Potential back-to-school bus disruption

JOHNSTOWN – Thousands of families across Eastern Ontario may be scrambling for another way to get their kids to school this fall. Student Transportation of Eastern Ontario issued an update on contract talks with school bus companies in the region for the upcoming school year saying the two groups were far apart.

“STEO’s most recent proposal provided to the bus companies was rejected,” the company said. “School bus companies have not agreed to a contract for September.”

STEO is a not-for-profit company jointly owned by the Upper Canada District School Board and the Catholic District School Board of Eastern Ontario. The two school boards collectively have approximately 30,000 students requiring bus transportation, or three-quarters of the total school population. The two English-language boards serve an area from Gananoque, Perth, and Carleton Place, east to the Quebec border – excluding Ottawa.

STEO and a group of 23 school bus operators for the region have been negotiating a new contract since this past March.

“The total compensation value of the school bus operators’ position far exceeds funding available to school boards for transportation,” the company said in its update.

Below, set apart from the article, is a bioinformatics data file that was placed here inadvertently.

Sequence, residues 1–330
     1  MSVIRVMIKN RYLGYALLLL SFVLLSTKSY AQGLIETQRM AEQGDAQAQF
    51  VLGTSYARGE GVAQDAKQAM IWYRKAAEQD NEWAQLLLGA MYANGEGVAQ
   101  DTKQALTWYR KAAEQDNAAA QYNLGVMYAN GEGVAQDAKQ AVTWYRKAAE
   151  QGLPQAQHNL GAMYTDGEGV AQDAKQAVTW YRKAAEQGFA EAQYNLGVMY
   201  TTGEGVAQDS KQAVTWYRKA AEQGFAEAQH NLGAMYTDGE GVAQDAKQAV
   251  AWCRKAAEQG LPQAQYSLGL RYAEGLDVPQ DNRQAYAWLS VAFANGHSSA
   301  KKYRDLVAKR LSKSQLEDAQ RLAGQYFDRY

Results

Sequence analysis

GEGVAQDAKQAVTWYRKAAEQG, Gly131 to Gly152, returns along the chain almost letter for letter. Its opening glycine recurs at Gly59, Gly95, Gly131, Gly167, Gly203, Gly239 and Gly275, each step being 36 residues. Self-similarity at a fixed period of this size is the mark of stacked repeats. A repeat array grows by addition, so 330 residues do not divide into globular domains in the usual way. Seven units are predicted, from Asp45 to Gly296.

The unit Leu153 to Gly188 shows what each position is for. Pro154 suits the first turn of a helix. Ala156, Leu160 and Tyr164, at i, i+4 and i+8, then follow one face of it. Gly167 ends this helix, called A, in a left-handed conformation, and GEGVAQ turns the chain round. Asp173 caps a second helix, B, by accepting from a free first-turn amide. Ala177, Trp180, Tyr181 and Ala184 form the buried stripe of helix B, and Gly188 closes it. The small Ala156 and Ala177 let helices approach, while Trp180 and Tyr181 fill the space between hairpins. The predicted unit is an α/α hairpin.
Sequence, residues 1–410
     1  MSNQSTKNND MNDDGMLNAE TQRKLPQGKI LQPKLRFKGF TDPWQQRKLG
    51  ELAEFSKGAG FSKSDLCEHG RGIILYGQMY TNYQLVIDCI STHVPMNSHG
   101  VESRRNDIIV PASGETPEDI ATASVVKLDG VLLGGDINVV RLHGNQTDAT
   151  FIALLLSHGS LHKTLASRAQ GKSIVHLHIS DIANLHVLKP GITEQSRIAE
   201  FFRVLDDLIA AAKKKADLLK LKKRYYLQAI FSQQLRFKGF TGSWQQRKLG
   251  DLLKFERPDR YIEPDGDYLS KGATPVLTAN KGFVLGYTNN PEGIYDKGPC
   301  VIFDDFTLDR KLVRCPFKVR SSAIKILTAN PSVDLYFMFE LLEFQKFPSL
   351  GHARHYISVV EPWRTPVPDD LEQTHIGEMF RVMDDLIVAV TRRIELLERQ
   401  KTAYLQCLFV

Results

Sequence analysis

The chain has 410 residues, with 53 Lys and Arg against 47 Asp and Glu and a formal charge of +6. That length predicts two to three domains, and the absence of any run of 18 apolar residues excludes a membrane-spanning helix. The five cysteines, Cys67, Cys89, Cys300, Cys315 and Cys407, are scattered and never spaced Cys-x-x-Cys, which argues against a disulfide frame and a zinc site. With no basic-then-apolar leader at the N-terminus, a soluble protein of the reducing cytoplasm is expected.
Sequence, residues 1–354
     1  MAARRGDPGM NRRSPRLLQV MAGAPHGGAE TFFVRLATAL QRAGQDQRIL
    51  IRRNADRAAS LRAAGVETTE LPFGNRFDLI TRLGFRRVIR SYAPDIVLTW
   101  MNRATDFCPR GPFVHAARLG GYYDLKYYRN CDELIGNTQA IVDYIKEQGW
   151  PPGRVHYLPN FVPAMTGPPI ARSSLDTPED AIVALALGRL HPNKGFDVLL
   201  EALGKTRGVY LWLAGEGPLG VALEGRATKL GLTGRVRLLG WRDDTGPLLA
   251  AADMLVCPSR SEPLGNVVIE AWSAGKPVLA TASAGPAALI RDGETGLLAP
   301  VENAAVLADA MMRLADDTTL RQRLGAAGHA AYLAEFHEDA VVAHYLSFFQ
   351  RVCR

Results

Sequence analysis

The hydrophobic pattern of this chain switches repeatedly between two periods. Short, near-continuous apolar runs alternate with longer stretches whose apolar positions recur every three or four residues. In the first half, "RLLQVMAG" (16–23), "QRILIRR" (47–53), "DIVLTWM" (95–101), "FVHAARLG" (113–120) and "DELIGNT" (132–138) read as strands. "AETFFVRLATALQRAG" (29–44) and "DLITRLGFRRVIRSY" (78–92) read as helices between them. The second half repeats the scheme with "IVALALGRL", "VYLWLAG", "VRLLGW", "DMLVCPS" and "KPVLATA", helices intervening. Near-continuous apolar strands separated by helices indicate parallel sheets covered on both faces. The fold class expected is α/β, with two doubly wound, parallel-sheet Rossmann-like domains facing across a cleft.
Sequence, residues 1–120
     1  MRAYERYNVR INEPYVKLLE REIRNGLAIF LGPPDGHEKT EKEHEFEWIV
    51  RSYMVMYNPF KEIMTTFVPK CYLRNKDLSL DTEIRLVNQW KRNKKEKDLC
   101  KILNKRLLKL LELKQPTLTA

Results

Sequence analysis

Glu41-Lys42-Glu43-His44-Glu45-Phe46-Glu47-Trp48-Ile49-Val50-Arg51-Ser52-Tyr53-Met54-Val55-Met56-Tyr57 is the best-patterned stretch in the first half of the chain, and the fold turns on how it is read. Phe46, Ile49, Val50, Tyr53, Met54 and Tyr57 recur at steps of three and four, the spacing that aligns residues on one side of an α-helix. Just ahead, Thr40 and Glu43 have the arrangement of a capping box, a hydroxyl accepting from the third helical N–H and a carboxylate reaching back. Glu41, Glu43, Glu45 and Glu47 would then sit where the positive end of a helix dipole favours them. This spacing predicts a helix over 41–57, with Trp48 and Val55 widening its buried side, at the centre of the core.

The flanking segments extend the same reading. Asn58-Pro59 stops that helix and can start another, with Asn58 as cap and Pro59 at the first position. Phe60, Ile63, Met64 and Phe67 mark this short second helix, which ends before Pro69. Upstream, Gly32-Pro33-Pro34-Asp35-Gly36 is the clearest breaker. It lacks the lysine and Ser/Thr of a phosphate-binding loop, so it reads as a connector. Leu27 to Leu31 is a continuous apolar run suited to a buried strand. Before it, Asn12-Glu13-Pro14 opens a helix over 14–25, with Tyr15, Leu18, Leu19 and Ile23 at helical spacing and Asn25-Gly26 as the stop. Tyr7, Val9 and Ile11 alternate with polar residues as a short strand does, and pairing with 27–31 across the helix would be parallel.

If a contract is not agreed to by the start of school September 5, families may have to find alternative transportation arrangements.

The company claims it made a multi-year offer to school bus companies that exceeded the rate of inflation, covered all fuel costs for bus operators, and offered driver recruitment and retention bonuses. Staffing for bus operators have been an issue since 2020.

Inquiries to several of the bus companies were not responded to by publication deadline.

Consortium representatives said that due to costs involved, it cannot provide alternative transportation for students.

STEO was started in 2009 after the province forced the two partner school boards to merge their transportation systems together.

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